increased energy use. also shown in Figure 2-16. is a dimensionless indicator of flow resistance. and components are typically listed in tables provided by manufacturers. the coefficient becomes less accurate as an indicator. such as turning vanes. ◆ Design Practices Many fan performance problems can be avoided by designing the system so that the inlet and outlet ducts to and from the fan are as straight as possible within the physical constraints of the available space. As shown in Figure 2-16.7–Configurations to Improve Fan System Efficiency Configurations to Improve Fan System Efficiency ◆ Basic Principle Flow patterns have a substantial impact on fan output and system resistance./ft. Inadequate attention to duct conditions during the design phase increases operating costs. Poor airflow conditions at the inlet of a fan decrease the effectiveness and efficiency with which a fan imparts energy to an airstream.097 ) 2 ρ ∆p = pressure drop in inches of water gage (in. and noisy system operation. During the system design phase. Although it tends ∆p = C Where: V ( 1. In fact. under non-uniform flow conditions. Designers developing new systems and operators seeking to upgrade or retrofit existing systems can minimize system effect problems by recognizing and avoiding common configurations that aggravate them. leading to under-performing systems. However. The pressure drop across a component is calculated by the equation: higher than anticipated. this sensitivity is used to control fan output in many types of fans. wg) C = local loss coefficient V = velocity of the airstream in feet per minute (ft. these swirls can result from locating elbows too close to a fan inlet.) ρ = density of the airstream in pounds per cubic foot (lbs.3) The loss coefficient. The consequences of this approach include high equipment costs. Because space constraints often do not allow ideal configuration. Fan Inlet. This swirl creates an additional load on the impeller. essentially overpowering the problems associated with a system effect. If possible. designers calculate system resistance curves based on the published loss coefficients for each component. C. the fan should be configured so that there is enough distance from the closest bend for the airflow to straighten out. Loss coefficients for system components such as ducts. an airflow straightener. Devices such as variable inlet guide vanes adjust an airflow pattern entering a fan to change the amount of flow energy transferred by the fan. Consequently./min. system configurations that promote non-uniform flow conditions will create flow resistances that are A Sourcebook for Industry 39 . However. fittings. Fans and system components are sensitive to the profile of an entering airstream. Non-uniform air patterns cause fans and system components to display flow/pressure-drop characteristics that are different from the manufacturer-supplied data. A counter-rotating swirl rotates in the opposite direction of an impeller. Unfortunately. This phenomenon reduces the load on the fan and shifts its performance curve down and to the left. a common approach to handling uncertainties in system design is to increase the size of the air movers. can improve fan performance. The loss coefficient is based on uniform flow into and out of the component. A pre-rotational swirl in the airflow rotates in the same direction as a fan impeller. Lab conditions tend to create uniform airflows. This difference is the fundamental reason for including the system effect. performance data that is gathered under ideal conditions will probably not be repeated in an industrial environment. These differences are attributable to the conditions under which the manufacturer or an independent testing facility tests their products. high operating costs.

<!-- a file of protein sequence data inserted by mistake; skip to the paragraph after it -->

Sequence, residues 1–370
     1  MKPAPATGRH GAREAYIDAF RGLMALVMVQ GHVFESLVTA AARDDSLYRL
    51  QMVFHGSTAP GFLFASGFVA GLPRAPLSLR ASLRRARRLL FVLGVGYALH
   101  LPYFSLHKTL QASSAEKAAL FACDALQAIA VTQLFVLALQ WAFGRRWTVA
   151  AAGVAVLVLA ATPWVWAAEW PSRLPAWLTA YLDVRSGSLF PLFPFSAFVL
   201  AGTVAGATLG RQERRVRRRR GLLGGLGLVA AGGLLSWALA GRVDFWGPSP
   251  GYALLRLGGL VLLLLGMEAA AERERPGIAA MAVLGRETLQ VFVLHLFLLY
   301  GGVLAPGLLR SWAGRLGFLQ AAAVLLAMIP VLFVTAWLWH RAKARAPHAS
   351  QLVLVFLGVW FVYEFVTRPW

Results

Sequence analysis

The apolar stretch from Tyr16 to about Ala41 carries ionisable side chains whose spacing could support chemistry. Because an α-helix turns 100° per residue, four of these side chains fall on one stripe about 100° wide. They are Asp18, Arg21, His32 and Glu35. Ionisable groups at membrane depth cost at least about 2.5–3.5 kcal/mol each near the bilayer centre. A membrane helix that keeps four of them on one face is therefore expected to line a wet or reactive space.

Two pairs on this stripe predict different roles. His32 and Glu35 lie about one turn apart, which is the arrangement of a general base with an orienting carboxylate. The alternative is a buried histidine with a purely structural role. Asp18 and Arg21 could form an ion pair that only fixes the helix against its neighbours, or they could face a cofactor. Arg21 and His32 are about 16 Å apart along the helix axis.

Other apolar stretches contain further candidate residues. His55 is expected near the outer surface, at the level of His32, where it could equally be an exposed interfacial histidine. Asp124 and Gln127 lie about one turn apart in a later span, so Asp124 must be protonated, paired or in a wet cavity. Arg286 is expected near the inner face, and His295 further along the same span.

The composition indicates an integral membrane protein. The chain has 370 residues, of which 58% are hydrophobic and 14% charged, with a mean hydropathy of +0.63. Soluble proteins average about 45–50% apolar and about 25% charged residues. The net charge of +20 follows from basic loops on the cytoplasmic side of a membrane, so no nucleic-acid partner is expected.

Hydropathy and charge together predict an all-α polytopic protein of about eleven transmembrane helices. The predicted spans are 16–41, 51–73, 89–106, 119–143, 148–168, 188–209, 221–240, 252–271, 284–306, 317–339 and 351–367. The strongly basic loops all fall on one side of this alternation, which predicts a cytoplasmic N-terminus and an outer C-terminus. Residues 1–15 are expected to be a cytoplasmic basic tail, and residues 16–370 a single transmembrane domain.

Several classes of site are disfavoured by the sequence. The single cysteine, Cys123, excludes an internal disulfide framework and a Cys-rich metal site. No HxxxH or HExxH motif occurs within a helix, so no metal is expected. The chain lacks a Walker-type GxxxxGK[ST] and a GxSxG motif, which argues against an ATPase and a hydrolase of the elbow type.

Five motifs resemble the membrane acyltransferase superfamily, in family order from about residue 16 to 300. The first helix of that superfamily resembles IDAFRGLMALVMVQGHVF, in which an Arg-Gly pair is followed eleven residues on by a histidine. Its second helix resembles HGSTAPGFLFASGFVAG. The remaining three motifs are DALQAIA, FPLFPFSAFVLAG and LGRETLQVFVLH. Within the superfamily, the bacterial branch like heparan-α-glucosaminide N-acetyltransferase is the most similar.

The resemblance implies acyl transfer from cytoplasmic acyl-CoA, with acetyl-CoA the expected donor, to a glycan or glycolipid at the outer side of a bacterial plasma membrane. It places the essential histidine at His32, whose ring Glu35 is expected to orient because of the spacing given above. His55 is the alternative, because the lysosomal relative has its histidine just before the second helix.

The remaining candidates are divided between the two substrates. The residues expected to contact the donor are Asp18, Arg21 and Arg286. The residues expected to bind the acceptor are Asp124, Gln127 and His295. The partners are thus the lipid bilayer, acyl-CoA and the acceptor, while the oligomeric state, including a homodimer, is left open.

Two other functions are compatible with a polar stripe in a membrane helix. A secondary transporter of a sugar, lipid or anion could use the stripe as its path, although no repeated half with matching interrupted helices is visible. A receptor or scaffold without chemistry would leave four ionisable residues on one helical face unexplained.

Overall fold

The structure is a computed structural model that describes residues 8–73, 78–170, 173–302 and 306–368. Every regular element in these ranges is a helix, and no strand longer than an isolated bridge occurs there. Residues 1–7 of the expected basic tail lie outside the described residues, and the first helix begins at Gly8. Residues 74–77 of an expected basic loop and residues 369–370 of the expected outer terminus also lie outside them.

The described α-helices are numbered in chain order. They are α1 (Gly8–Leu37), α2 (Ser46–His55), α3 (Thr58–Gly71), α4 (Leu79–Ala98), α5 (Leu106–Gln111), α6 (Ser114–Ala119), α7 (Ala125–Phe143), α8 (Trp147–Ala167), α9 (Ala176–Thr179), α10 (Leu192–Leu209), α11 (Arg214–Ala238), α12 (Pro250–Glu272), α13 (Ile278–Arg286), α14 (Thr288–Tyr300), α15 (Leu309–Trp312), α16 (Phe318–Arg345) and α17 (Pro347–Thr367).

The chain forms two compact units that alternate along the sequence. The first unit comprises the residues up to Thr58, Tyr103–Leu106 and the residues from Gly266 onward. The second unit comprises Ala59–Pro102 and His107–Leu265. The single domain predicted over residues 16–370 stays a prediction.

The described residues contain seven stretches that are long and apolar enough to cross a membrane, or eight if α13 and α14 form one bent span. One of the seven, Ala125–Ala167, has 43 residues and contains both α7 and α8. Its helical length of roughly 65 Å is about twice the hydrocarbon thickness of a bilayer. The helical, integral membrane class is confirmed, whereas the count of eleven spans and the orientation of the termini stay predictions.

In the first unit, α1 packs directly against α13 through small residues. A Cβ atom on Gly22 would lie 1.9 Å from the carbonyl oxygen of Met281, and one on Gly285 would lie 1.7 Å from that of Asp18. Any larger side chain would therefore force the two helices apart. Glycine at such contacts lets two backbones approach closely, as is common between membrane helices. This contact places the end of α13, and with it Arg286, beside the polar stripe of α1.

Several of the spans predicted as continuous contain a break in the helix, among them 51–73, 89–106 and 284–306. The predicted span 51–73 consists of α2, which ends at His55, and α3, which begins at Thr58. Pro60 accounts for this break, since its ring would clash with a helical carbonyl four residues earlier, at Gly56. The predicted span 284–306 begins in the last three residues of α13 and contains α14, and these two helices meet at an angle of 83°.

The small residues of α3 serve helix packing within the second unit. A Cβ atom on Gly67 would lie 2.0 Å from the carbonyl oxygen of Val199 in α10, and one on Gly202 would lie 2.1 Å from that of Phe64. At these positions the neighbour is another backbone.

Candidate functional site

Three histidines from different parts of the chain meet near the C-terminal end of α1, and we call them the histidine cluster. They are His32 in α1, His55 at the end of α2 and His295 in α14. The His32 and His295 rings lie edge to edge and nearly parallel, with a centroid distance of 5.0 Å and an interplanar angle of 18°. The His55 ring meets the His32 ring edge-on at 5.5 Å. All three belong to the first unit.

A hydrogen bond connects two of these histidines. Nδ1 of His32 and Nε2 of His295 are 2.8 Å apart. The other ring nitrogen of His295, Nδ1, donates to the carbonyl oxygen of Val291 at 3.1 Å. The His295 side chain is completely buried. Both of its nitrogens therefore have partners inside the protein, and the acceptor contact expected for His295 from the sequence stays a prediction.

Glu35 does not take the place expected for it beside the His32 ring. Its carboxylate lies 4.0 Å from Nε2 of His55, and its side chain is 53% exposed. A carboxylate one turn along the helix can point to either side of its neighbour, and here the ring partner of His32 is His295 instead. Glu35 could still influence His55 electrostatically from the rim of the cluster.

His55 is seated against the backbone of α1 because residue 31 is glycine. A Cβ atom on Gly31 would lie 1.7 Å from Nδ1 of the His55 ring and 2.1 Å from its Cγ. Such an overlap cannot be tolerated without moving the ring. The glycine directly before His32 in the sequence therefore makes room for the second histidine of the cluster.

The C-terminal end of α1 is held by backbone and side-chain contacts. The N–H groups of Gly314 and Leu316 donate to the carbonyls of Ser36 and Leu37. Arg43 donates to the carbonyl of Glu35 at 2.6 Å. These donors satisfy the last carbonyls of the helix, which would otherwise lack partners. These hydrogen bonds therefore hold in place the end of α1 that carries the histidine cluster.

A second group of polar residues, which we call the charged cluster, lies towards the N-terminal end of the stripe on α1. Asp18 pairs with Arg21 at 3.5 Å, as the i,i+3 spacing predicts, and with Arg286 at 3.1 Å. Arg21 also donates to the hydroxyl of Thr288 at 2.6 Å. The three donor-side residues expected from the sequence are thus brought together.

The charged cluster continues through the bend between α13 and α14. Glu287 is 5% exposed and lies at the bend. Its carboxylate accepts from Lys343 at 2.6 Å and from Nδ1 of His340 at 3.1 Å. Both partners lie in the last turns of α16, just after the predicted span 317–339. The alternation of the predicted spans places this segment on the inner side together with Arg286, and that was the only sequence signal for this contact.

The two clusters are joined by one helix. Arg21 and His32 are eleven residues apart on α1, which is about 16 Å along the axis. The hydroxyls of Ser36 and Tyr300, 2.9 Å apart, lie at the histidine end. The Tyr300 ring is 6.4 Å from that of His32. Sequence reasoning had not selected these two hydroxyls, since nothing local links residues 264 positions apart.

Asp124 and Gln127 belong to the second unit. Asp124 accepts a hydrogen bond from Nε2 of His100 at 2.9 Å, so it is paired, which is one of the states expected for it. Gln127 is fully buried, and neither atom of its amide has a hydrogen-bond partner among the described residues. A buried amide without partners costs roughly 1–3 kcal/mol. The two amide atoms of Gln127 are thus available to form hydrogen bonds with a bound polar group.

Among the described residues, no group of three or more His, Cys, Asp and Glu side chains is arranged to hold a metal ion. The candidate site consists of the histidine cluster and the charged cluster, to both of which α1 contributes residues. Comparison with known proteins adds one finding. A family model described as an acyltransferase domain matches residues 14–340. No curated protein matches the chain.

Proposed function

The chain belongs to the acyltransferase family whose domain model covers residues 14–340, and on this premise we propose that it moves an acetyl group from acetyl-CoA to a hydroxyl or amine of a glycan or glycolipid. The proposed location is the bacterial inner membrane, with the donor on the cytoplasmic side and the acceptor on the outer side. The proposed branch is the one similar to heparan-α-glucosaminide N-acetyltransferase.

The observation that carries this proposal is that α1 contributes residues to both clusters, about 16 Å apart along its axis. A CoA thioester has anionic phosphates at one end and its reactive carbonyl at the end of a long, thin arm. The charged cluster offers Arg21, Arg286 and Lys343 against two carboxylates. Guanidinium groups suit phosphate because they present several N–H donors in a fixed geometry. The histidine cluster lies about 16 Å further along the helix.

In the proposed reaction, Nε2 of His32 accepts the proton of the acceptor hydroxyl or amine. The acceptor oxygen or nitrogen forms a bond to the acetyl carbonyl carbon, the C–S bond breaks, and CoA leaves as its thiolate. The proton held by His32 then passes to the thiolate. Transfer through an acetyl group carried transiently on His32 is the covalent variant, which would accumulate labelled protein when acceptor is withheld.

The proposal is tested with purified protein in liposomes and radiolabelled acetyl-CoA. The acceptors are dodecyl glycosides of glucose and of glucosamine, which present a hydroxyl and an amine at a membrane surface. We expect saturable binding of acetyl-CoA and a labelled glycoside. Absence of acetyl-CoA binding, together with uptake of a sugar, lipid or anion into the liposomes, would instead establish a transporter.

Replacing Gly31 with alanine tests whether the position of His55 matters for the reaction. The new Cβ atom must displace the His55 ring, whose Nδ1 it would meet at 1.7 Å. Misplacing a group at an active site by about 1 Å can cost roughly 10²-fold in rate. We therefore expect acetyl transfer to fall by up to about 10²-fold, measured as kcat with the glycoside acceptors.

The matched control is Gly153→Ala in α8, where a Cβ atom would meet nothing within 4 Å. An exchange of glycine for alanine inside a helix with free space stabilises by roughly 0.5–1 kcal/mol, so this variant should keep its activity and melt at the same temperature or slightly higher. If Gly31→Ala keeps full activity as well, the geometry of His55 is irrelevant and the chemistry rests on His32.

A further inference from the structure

Fan Outlet. a counter-rotating swirl is an inefficient method of increasing fan pressure. One general guideline is to provide a straight duct length of at least 3 times the duct diameter just prior to the fan inlet. a flow straightener should be considered. The use of turning vanes can correct the swirl. Figure 2-17. Impeller Rotation Impeller Rotation Figure 2-16. Poor outlet conditions also contribute to under-performance in fan systems. Swirls and vortices increase the pressure drops of elbows and D D L L Placing a bend too close to a fan inlet can impair fan performance. Pre-Rotational Swirl to shift a fan’s performance curve upwards. Alternately. If this is not possible. which leads to inefficient energy transfer and fan vibrations. General guideline: ensure L > 3D.7–Configurations to Improve Fan System Efficiency Placing a fan close to an elbow can create a pre-rotating swirl. Another inlet condition that can interfere with fan performance is highly non-uniform flow. As shown in Figure 2-17. Effect of Elbow Placement Close to a Fan Inlet 40 Improving Fan System Performance . the fan should be equipped with a factory inlet box. placing a bend too close to a fan inlet can cause the airflow to enter the fan unevenly.
which is consistent with the airflow profile leaving a centrifugal fan. flow splitters can prevent highly D D Make sure there is sufficient distance between the fan and the tee for the flow to straighten out.7–Configurations to Improve Fan System Efficiency other duct fittings and can lead to inadequate service to one or more system branches. fans should be oriented so that the airflow profile out of a fan matches the airflow behavior created by fittings such as an elbow. L L Placing the fan and the downstream elbow such that the airstream reverses the direction creates a high loss through the elbow and can impair fan performance. Changing the configuration to accommodate the air profile improves system performance. Also as shown in Figure 2-18. Similarly. As shown in Figure 2-18. where possible. If space constraints make this impossible. the outer radius of an elbow requires higher velocity airflow than the inside edge (because the airflow has farther to travel). Airflow Straighteners and Splitters. Many problems can be corrected with devices such as turning vanes or airflow straighteners. consider the use of a flow straightener. tees and other fittings should be placed far enough downstream of a fan for the airflow to become more uniform. Fan Outlet Conditions A Sourcebook for Industry 41 . as shown in Figure 2-19. General guideline: ensure L > 3D. For example. Figure 2-18.